Patients Can:

  • Access all their EHI without charge

Payers must:

  • Implement a patient access API and a provider directory API
  • Facilitate data exchange between payers using data identified in USCDI
  • Increase the frequency of federal/state data exchanges
  • Expose claims data via FHIR so that if a patient changes their health plan, they will be able to move data between the payers

Providers must:

  • Update their digital contact information (in the National Plan and Provider Enumeration System (NPPES)) and/or information blocking. Failure to do so will lead to public reporting, which will affect provider performance metrics
  • Improve ADT event messaging to meet care coordination requirements, allowing providers identified by the patient to receive the necessary notifications for treatment and care coordination (although CMS and ONC have yet to identify a standard for content format or delivery)

When Does It Take Effect

The Office of the National Coordinator for Health IT has provided a high-level timeline on compliance with the ONC’s Cures Act Final Rule.

ONCs Cures Act Final Rule Highlighted Regulatory Dates
Check for updated compliance deadlines. They are subject to change due to COVID-19. Source: ONC’s Cures Act Final Rule Highlighted Regulatory Dates, retrieved June 11, 2020 

Due to the COVID-19 pandemic, ONC and CMS have delayed all Enforcement Discretion Date requirements by three months after the compliance timeframe. Compliance Date requirements have also been delayed by varying degrees. Information is available on The Office of the National Coordinator for Health IT’s website.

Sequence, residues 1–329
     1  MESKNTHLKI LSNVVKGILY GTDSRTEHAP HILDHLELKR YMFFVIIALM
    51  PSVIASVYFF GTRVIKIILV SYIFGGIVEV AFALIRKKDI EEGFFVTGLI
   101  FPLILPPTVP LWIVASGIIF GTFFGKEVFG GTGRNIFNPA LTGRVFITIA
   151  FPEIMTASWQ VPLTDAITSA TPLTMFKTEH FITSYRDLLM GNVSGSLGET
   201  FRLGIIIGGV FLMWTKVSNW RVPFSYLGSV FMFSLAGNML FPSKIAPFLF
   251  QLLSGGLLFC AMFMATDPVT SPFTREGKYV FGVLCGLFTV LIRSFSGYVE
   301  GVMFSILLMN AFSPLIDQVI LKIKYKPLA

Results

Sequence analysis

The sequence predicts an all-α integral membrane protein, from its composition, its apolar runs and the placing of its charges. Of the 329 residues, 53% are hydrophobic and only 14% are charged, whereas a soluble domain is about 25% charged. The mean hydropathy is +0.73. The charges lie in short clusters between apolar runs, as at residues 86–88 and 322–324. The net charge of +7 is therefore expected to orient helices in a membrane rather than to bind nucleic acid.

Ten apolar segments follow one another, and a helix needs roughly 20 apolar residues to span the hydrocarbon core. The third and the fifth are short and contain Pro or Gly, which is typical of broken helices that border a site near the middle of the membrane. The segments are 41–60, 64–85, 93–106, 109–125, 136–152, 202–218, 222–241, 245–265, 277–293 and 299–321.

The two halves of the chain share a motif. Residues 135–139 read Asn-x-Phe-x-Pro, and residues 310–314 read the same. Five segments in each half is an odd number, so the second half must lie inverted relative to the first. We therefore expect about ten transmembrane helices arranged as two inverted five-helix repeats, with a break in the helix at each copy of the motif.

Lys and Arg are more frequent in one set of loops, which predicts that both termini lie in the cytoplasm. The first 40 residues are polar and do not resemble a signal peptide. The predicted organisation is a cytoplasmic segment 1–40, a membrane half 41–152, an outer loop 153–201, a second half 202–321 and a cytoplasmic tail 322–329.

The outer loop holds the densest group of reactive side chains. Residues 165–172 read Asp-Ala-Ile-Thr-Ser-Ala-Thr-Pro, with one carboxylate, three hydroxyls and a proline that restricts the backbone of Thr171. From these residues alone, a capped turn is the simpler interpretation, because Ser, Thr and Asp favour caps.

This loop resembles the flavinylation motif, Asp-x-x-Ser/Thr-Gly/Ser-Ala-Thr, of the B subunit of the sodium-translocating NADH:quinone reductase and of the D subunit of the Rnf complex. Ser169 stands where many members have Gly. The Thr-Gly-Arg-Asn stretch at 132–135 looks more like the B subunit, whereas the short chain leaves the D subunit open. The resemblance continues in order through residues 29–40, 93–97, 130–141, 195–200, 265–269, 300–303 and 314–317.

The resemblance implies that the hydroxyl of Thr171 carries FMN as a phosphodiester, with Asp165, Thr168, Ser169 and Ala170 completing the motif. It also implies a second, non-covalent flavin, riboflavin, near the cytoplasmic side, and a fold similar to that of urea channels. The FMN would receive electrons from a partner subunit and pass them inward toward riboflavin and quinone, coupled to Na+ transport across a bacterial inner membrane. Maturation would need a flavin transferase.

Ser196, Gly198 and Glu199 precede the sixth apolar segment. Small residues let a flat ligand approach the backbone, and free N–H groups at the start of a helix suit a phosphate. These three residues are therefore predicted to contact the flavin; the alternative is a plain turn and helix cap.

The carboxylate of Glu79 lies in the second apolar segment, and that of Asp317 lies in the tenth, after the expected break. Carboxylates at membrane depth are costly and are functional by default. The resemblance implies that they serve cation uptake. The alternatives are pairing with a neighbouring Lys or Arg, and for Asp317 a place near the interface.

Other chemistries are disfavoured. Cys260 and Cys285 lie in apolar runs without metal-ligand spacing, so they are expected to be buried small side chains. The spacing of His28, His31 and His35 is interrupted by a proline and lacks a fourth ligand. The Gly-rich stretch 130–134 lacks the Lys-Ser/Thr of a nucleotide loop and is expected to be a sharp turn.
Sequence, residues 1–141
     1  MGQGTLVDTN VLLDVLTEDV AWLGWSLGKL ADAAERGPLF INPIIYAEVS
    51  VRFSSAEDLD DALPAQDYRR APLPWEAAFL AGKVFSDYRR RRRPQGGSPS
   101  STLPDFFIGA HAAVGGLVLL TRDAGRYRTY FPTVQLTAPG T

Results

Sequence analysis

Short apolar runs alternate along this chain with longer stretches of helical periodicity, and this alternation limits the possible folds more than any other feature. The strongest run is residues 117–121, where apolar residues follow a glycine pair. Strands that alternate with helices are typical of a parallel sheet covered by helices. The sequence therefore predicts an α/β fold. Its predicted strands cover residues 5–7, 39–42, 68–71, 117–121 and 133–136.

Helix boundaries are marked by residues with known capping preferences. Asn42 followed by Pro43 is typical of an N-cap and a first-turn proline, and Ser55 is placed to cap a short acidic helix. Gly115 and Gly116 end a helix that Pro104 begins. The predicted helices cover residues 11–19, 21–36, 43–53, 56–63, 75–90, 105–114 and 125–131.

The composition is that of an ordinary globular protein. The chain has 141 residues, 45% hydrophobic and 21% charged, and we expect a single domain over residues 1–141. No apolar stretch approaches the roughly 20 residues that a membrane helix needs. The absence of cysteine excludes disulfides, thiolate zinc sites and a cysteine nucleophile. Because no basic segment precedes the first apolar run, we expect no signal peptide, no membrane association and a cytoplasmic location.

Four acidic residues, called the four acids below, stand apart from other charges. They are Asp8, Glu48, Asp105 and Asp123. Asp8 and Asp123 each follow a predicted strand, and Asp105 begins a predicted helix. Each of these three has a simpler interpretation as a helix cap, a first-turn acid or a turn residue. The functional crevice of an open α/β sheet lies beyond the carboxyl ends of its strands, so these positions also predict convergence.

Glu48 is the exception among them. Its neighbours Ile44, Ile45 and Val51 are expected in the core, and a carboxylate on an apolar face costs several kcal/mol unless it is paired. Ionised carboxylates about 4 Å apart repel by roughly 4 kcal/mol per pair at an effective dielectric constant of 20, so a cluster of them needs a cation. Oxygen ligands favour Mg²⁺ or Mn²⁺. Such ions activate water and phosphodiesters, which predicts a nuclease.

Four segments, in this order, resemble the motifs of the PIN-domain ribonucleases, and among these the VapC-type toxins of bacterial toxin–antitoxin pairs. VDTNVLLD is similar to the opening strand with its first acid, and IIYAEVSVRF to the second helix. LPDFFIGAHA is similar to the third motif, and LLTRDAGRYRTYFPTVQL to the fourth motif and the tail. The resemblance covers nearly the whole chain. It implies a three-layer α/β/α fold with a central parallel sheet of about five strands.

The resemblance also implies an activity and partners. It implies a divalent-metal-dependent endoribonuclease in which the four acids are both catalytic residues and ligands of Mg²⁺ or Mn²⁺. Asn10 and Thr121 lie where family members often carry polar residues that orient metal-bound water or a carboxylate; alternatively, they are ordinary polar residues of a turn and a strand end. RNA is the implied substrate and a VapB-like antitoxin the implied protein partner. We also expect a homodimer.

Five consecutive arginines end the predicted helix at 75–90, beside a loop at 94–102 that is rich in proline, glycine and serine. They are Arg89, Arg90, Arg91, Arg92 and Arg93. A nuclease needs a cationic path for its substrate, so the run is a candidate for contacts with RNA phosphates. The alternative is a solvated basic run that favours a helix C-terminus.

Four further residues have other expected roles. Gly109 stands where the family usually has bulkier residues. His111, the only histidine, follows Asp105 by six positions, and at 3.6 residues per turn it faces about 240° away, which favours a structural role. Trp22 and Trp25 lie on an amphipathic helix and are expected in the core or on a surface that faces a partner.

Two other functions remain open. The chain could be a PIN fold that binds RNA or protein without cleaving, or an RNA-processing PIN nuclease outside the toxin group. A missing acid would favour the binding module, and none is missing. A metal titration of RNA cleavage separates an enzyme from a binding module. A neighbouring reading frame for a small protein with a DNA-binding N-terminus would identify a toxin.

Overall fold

How J2 can help

Named Best in KLAS for Technical Services in 2020, J2 has experience implementing FHIR at key clients in the healthcare industry, ranging from EHR app development to enabling FHIR messaging for payer organizations.

J2 can help you meet CMS and ONC deadlines. We want to hear about your organization so we can discuss how these new rules apply to you. Drop us a line to learn more.

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21st Century Cures Act.

CMS interoperability and patient access final rule. (2020, April 21).

Cures Act Final Rule: Enforcement discretion dates and timeframes.


Final CMS interoperability regulation: What you need to know. (2020, March 19). Retrieved June 11, 2020

Franco, M. A. (2020, March 17). ONC, CMS finalize transforming interoperability and patient access to data rules. Retrieved June 11, 2020

Hatt, N. (2020, March 09). What you need to know about the new ONC and CMS healthcare interoperability and information blocking rules. Retrieved June 11, 2020

Highlighted regulatory dates fact sheet [Digital image]. Retrieved June 12, 2020

Johnson, T. A., & Van Lenten, C. E. (2020, April 22). CMS and ONC delay enforcement of final interoperability rules due to COVID-19. Retrieved June 11, 2020

ONC’s cures act final rule highlighted regulatory dates. Retrieved June 11, 2020